How to Market Yourself and Look for a New Career Opportunity

The process of finding a new job, whether you’re employed or unemployed, causes many people anxiety. The time, expense, preparation, energy, implementation and follow-up can be daunting. Unfortunately, many people have no systematic strategy or battle plan. They may take a few tentative steps, get frustrated and then give up.

To help you focus on how to prepare and then set in motion a more productive method, we’ve established a six module outline. Incorporated in the outline are informative articles already developed in previous Career Corner segments coupled with information on basic “how to” steps.


In beginning your search process, first take stock of these realities:

  • Your job search is a process that is labor intensive, involving many hours of work.
  • Keep in mind that sending out information (resumes, fact sheets, etc.) about yourself can infringe on your confidentiality, especially if you don’t know the final destination of the material.
  • You must develop realistic determinations of your salary requirements, relocation potential, commute, type of position, etc.
  • You determine your success: The more time, effort and resources you focus at the issue, the probability of finding that “correct fit” increases.


Listed are things to do so as to ensure your highest probability of success.

  • Use newspapers as a resource to determine market trends and find out positions within companies that are currently available.
  • Find search firms and agencies that do business in your specialty.
  • Find service or industrial directories relevant to your profession.
  • Explore the Internet for possible companies and positions suitable for you.
  • Business Contacts: NETWORK, NETWORK, NETWORK.
  • Personal Contacts: NETWORK, NETWORK, NETWORK.
  • Go to the library to research resources.
  • Focus on 100+ companies that meet your criteria and develop your marketing plan. Call the hiring executives and market yourself.
  • Alumni organizations – many companies are known on college campuses.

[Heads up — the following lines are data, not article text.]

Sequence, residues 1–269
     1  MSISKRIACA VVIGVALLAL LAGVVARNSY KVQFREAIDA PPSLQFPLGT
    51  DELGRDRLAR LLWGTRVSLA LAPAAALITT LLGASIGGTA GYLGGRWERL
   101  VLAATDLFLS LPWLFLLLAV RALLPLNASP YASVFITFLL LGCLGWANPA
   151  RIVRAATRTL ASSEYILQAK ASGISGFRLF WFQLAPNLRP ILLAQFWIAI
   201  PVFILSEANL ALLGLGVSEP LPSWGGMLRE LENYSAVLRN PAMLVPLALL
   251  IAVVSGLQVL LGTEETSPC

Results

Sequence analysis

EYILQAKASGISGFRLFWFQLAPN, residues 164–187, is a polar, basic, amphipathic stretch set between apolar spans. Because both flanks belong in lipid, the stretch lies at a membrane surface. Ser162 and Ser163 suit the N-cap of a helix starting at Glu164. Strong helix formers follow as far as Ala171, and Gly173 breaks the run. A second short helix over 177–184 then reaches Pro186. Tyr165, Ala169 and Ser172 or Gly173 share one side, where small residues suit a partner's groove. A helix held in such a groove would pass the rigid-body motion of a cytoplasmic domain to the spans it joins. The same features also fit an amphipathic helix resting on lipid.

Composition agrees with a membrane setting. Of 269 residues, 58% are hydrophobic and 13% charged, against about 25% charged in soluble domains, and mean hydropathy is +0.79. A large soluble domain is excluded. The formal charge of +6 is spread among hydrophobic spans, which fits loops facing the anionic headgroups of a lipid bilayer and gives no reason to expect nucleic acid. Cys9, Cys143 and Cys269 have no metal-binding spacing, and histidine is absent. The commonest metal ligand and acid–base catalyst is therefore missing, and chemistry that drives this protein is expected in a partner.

• Find and research trade periodicals/magazines.
  • If you belong to any associations, check with the officers (Membership, Education, President) in helping you network.
  • References – do some background work as to whom you will use, what will they say and why they’d say that.
  • Personal Schedule – begin planning exactly when and how long each day you will spend marketing yourself.
  • Develop a checklist of personal accomplishments.
    • Exactly what did you do.
    • What role did you play.
    • What was the result.
    • Give specific dollar amounts and percentages.
    • What were the benefits to your organization relevant to your accomplishments.

    III. RESUME & COVER LETTER    Click Here…


    V. FOLLOW-UP TECHNIQUES    Click Here…


    a. Books

    The Real Life Guide to Starting Your Career
    By Margot Lester: Pipeline Press

    What Color Is Your Parachute?
    By Richard N. Bolles: Ten Speed Press

    Job Hunters Sourcebook
    By Gale Research, Inc.

    Knock `Em Dead
    By Martin Yate: Bob Adams, Inc.

    b. Directories

    • Directory of Executive Recruiters, Kennedy Publications
    • National Directory of Personnel Services, National Association of Personnel Services
    • The Encyclopedia of Associations, Gale Research, Inc.
    • Harris Directory
    • Thomas Regional Directory

    c. Internet